I’m Proud of You

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Last week, Lead Pastor Ben Snyder shared the positive effect we have on others when we choose to notice and thank them for good service or an act of kindness. Words of appreciation are not only good manners, but are encouraging to the person who receives them.

Appreciation is something we can choose to share countless times throughout our day.  It can start with thanking your husband for that cup of coffee he has ready for you as you fly out the door in the morning, then continues with a smile and wave of acknowledgement to the school bus driver who waits for you to pass before turning on the red flashing lights which keeps you from being late for work. The opportunities for showing appreciation are almost countless on any given day.

It’s easy when we follow our grandmother’s time-honored advice, “It costs nothing to be polite.”

This week, Ben went on to discuss another kind of uplifting language, this time directed specifically at our loved ones. What kinds of words and conversation do we choose to gift them with? How do we go deeper than a polite word of appreciation like the one we say to the stranger who holds the door for us at the grocery store?

Ben shared his insights into the powerful words, “I am proud of you” and how deeply they affect the recipient’s sense of significance and value to God and to humanity.

There is a beautiful demonstration of this in Matthew 3:13-17. Jesus joins his cousin John the Baptist at the Jordan River. Jesus instructs John to baptize him, which is appalling to John. He knows Jesus is the Son of God, the Messiah; as such, Jesus is in no need of the baptism of repentance.  John tells Jesus to baptize him instead.

But Jesus, knowing prophecy and why God sent him here, tells John, “It should be done, for we must carry out all that God requires.” (verse 15) So, John agrees to baptize him.

Jesus was focused on one thing, obediently fulfilling the will of the Father—it was his choice to come and die so all could live forever with him in heaven. After Jesus was baptized, “… the heavens opened up and [John] saw the Spirit of God descending like a dove and settling on him. And a voice from heaven said, ‘This is my dearly loved Son, who brings me great joy.’” (Mt 3:16-17)

This acknowledgement of Jesus from God is the epitome of how to tell a loved one you are proud of them. It tells them that they are unconditionally loved, that they have a home, a purpose, and someone who will stand with them in good times and bad.

“I am proud of you.”  No ifs, ands, or buts about it.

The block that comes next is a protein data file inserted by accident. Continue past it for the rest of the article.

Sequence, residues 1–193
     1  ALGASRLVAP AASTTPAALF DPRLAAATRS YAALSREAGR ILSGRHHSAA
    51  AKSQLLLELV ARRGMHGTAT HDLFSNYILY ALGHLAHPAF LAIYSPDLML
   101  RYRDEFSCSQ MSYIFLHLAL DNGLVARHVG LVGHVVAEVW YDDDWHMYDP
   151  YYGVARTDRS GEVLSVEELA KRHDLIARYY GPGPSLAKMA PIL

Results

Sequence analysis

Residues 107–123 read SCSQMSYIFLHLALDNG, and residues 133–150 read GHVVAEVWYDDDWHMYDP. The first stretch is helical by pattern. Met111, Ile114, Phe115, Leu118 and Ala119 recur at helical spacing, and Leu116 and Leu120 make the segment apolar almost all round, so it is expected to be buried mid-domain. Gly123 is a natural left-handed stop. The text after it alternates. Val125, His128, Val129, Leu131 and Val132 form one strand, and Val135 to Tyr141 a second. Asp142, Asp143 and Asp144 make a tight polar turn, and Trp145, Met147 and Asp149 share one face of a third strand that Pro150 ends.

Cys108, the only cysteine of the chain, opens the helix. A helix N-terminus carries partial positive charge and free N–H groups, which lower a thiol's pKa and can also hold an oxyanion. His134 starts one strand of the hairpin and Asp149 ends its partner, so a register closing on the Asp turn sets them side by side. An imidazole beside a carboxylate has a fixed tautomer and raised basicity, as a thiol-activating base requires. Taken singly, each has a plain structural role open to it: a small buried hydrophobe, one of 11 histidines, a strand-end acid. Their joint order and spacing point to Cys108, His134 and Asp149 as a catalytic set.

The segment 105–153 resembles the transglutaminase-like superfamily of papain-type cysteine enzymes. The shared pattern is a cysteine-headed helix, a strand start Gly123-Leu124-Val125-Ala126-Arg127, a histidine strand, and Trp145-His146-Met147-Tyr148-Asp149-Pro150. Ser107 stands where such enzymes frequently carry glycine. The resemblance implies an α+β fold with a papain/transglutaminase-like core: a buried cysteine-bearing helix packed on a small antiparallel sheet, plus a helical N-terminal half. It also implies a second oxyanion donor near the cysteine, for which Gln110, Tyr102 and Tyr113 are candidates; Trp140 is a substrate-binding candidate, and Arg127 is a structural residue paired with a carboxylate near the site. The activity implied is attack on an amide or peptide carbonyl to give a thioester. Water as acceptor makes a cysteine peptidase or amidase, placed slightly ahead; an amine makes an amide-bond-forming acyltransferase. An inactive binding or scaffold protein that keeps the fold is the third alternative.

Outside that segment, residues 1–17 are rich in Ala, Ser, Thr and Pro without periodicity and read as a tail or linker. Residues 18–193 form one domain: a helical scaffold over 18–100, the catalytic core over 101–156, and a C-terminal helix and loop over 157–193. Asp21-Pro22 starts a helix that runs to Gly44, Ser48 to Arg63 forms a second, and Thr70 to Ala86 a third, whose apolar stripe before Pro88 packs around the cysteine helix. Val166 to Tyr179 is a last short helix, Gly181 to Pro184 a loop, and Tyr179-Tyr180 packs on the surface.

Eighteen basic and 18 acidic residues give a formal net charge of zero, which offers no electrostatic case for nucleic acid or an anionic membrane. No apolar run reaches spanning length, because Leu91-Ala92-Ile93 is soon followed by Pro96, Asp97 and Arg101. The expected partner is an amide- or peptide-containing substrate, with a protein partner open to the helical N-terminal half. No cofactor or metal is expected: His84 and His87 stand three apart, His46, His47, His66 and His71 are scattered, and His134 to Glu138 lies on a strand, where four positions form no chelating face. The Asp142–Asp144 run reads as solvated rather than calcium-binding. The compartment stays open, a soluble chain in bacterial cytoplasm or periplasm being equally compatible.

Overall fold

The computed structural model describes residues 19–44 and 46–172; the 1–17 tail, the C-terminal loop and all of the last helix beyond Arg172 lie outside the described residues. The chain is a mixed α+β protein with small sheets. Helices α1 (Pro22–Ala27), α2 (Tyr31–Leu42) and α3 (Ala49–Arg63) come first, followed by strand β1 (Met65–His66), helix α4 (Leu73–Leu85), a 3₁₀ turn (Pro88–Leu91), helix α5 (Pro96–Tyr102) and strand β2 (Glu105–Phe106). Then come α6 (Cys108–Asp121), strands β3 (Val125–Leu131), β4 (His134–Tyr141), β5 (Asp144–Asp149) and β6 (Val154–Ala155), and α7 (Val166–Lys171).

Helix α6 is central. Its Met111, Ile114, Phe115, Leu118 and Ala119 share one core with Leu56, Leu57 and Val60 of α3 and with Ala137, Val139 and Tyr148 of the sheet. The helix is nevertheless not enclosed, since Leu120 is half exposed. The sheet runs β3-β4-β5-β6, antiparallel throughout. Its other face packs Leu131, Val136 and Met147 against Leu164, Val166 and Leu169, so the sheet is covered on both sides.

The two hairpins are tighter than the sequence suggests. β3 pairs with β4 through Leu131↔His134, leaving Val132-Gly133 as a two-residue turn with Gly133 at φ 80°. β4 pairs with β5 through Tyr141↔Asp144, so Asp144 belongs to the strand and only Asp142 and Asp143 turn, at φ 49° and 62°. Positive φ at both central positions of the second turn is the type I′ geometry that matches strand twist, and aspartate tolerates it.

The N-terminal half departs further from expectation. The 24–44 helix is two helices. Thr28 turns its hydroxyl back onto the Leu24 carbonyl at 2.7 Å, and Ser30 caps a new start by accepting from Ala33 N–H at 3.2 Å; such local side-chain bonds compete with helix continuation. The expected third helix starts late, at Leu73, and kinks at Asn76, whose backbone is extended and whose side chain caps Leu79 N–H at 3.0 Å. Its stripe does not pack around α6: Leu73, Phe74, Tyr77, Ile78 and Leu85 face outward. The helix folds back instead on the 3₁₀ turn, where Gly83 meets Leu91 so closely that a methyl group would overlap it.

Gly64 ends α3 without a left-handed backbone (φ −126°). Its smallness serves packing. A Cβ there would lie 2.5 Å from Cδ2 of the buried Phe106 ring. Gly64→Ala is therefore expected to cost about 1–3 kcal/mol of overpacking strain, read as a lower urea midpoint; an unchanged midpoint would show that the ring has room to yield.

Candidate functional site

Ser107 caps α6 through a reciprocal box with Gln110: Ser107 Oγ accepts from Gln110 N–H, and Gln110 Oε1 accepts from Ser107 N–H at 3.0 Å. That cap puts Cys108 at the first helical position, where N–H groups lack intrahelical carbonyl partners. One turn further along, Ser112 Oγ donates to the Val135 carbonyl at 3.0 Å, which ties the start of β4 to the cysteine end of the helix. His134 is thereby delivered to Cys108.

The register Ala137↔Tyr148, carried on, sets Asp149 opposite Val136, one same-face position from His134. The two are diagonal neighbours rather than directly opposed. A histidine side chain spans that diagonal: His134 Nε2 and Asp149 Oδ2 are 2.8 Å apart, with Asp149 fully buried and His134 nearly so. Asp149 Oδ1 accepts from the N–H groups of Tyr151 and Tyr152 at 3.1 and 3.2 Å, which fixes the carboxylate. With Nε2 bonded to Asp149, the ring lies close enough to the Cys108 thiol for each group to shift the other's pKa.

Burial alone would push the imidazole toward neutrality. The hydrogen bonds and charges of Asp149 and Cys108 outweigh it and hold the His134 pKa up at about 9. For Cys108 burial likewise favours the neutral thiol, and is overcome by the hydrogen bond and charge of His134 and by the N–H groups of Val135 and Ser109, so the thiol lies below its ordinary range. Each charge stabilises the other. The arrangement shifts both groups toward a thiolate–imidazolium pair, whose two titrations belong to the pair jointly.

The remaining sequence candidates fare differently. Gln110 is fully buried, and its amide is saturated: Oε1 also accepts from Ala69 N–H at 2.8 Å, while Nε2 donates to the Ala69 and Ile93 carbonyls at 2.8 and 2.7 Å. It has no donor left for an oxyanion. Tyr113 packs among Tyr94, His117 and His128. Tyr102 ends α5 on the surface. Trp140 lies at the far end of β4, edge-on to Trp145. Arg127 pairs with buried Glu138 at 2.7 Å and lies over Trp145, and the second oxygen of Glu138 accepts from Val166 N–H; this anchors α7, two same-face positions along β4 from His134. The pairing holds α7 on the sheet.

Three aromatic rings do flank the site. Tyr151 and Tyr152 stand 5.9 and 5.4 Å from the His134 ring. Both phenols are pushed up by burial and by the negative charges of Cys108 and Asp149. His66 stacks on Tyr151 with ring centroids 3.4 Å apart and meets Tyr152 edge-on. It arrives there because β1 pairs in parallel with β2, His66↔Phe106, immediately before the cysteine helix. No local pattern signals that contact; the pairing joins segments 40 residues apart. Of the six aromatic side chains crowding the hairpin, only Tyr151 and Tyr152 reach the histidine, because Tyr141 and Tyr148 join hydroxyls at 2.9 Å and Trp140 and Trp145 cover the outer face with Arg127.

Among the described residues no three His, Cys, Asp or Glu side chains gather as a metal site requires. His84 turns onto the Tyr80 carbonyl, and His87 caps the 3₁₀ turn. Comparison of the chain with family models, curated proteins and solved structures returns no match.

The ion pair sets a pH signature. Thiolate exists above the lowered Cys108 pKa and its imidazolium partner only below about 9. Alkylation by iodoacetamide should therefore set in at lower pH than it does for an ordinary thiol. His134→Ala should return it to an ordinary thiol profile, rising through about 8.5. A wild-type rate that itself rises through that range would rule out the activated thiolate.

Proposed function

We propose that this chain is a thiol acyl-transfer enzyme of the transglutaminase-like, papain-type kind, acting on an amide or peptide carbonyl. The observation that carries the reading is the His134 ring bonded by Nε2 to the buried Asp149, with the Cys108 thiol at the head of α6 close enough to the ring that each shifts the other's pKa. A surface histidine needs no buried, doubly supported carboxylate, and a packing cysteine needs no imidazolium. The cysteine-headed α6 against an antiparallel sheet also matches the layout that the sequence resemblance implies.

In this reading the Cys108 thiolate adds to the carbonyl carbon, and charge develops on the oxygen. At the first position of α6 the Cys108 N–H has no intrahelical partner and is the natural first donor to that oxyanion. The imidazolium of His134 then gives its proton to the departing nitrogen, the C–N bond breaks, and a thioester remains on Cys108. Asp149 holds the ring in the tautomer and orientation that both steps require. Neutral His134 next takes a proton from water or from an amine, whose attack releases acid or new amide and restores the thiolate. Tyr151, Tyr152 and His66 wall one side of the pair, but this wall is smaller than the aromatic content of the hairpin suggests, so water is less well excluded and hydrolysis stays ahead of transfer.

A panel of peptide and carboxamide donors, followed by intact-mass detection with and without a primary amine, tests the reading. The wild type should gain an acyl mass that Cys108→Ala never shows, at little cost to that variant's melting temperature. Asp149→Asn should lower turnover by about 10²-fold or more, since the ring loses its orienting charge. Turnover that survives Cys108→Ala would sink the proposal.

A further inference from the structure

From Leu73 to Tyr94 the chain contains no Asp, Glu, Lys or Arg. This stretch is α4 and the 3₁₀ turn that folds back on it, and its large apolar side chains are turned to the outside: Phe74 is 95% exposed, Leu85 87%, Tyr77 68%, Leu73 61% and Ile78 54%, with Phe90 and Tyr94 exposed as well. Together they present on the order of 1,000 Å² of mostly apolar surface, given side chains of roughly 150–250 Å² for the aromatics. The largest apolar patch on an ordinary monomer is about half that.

So beware, if there are any qualifiers attached to your statement of pride, you need to check your motives. It’s important that your reasons for saying this are pure and truly only about bringing the gift of significance to the recipient and your heartfelt recognition of their value. It doesn’t count if we make it about ourselves in the process. Also, be careful not to let your acknowledgement of the accomplishments of your children be about you being a great parent.

The impact words that affirm our significance have on us is palpable.  For example, there was a girl who was repeatedly told by her father that she was cherished by her parents and that she could and would do anything she set her mind on. Her parents then sacrificed to give her all the tools she needed to become that person. This child grew up confident, generous, and brave. She also used her gifts to bless others and accomplish much. Unfortunately, her baby brother didn’t enjoy these benefits. Instead, their father took every opportunity to demean him and sometimes, even physically abuse him. This brilliant, kind boy grew up and became an alcoholic, agoraphobic, and incapable of seeing himself as possessing any value at all. The difference? Love and encouragement for the daughter but ridicule for the son.

Our words are powerful, and God has gifted us with the ability to use them to profoundly impact those we love, to let them know how cherished and significant they really are. That is his will for us—to know how deeply we are loved and valued by him and those on earth who love us.

Begin to see those you love through God’s eyes. Share with them your feelings of deep pleasure and admiration, and watch them blossom.

Colossians 4:6
Let your conversation be gracious and attractive so that you will have the right response for everyone.


If you were, or are, the recipient of the unabashed approval and admiration of someone you love, how did, or does it affect who you are today?

If you aren’t blessed with a person who is able to say, “I am proud of you,” how can you lean on God to provide that over-the-top love for and approval of you to bring joy and significance to your life?

Next Steps:  
Think of three people you can be unselfishly intentional about telling that you are proud of them.

Take ten minutes to journal about how you felt when someone told you they were proud of you.

Prayer:  Lord, thank you for your extravagant love for me. Thank you for creating me with a purpose that gives me great significance now and into eternity.  Lord, please make clear to me exactly how I can serve the cause of Christ.  In his name I pray, Amen.

This post was written by Martha Preckler. Martha loves Jesus and growing closer to him every day. She loves serving on the Sparkle Team and Greeter Team, as a Landing Leader, GrowthTrack hostess, and fill-in writer for LIO. Martha is the grateful mother of two grown sons and one daughter-in-law. Both sons are good writers, but one is a published urban fantasy writer and self-proclaimed grammar dictator, which he swears he picked up from his mother. She has been a Toledo Business Journal contributor, speech writer, as well as creator of dozens of promotional pieces for seniors’ events and programming offer by the YMCA and JCC of Greater Toledo.

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